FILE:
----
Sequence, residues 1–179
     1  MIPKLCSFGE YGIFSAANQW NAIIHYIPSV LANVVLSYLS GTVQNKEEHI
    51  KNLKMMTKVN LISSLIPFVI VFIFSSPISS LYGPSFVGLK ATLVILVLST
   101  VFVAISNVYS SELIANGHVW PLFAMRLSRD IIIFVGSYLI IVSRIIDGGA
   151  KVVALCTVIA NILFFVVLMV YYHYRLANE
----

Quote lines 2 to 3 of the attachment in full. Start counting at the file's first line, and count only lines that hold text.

     1  MIPKLCSFGE YGIFSAANQW NAIIHYIPSV LANVVLSYLS GTVQNKEEHI
    51  KNLKMMTKVN LISSLIPFVI VFIFSSPISS LYGPSFVGLK ATLVILVLST